19. Well said, Patrick. And Fiffaro makes an important, and sadly apposite, point about internet security: this is now how the world is. But in view of some of the less charitable postings I wonder what happend to "I disagree entirely with what you say - but defend your right to say it"? MM is loquacious and whimsical - that's his style, and it is unfathomable to see how it could case resentment. It's a bit like Dickens: skip the bits that you don't need to read. After all, he has only and simply said that he did not care for a certain performers interpatation. So what? Vive la difference!
  20. Does anyone play the M E Bossi Scherzo in F? (op 49, nr 1). I am interested in the notation about four pages from the end (just before the opening theme returns) where there is a single ascending line of notes in the treble clef. My copy has the final three or so bars ending with alternating b flat / g sharp, but this does not "sit well with my ears". It simply sounds odd . . . (I use a Bardon edition - it's the bottom of p 10). Any suggestions?
  21. Interesting. I make use of the Sunday by Sunday magazine as I am responsible for choosing hymns at my church, but find less and less of the CMQ of interest to me. In fact RSCM appears quite dead in my area, too. What have you found about them (RSCM) to annoy you?
  22. There is a lovely - and postively ancient - recording of the Jackson Fugue played as a postlude at Kings by ... by... um, forgotten, but it's an old mono record. Can't lay my hands on it at the moment. Is the expat Healey Willan allowed? His Intro Passacaglia and Fugue in Eb minor is monumental and in 'British' style, although far more demanding than the sleek and evocative Alcock with its passacaglia theme reputedly by Dupre, so I am led to believe. W Lloyd Webber also wrote a fine and demanding Suite but perhaps in terms of appeal and depth not quite 'right up there ' with the greats.
  23. Thanks for the corrections, Peter. What do you make of bar 49 (Crescendo edition, so should be page 7, top system second bar). Going along with usual practice the Ds in the RH would of course be 'natural' despite the D# in previous bar and in the LH. My copy has D naturals, but I am not convinced . . .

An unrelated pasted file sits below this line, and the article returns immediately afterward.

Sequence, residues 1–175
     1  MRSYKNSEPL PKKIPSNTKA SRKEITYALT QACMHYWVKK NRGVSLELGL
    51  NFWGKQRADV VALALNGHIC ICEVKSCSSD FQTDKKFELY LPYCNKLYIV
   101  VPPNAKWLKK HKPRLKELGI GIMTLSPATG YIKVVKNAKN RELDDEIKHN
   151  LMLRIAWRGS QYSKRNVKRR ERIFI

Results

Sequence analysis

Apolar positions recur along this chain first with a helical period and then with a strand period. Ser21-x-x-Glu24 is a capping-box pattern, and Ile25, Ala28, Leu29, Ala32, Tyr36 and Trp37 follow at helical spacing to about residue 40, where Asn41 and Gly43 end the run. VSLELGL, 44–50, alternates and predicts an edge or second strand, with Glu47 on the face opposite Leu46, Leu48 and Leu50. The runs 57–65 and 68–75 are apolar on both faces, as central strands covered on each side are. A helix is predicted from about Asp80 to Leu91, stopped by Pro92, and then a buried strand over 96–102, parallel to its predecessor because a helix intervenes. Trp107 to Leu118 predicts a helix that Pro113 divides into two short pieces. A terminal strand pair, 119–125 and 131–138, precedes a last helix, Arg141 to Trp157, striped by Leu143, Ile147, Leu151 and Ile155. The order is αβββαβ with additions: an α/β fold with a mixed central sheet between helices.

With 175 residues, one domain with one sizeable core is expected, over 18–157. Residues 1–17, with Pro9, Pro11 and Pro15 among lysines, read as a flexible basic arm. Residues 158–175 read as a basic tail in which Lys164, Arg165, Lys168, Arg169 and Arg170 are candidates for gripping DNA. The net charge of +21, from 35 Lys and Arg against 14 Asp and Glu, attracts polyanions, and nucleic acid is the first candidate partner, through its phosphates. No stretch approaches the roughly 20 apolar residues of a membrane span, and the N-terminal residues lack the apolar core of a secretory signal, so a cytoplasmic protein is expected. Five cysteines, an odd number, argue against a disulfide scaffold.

24. Well I think it's simply appalling! And yes, I know that organs take up space, never have enough of what you want, or too much of what you don't, need to fit changing requirements, or have been badly made and need fixing, and are so very expensive. When I took on my current position the organ had recently been fully restored - but for various reasons the fund raising had come to a complete standstill . . . and no-one told me about the approx 200,000 pounds still owing and the increasing interest that was not being paid until I innocently asked about the appeal one day. (All paid now!). It's a 1920s organ of 38 stops, only one two foot stop and two low pitched mixtures both with a 17th. But I don't crave for solutions to my specific tonal palette by planning to remedy its "faults" with digital additions, the increasing popularity of which I believe shows an alarming path. A combination organ is a compromise - neither one thing nor the other. Surely the integrity of an instument lies in what it has, its limitations, and what we do with the available resources? What other group of musicians other than organists do this to the very instrument they love and want others to love?
  25. I am not sure how "in depth" you need to be for your new organist interview, but for what it's worth the following is taken from my own experiences. Obviously keeping the congregation 'on side' is of utmost importance, for the future support of music, so someone who leads hymns well - rhythmically, accurately, musically - is a top priority. It is sometimes a good idea to have a sensible member of the congregation at an interview - just to ensure that the new person is aware of the congregations support and desire for good music to continue, and at a high standard. If you have an assistant organist, include him/her on an interview committee - an organist who has never had an assistant may need to learn how to use one without causing friction between personalties. Does the organist have control of the choir? If so, the treasurer may like to know about his skills at controlling music purchases, dealing with budgets for organ maintenance, concert promotion, etc. If he/she runs the choir then a chorister is also useful on a committee - not necessarily the best singer, but someone who is good at personalities, is co-operative and sensitive to the potential new organists' temperament. I think some sight reading is a fair request, and certainly - as suggested above - playing of some contrasting hymns. Some churches do all this quite casually with just the rector and one other to chat with an applicant and then make a decison based on very little information. Other places have extensive interviews with a small committee of different church personnel and clear indications of what is expected. Done well it can show the applicant that a high standard is expected and that the church takes its music seriously, and rightly expects the organist to give of his best. Of course, if possible, playing for a Sunday service and/or taking a choir rehearsal is a good opportunity to see what people can do.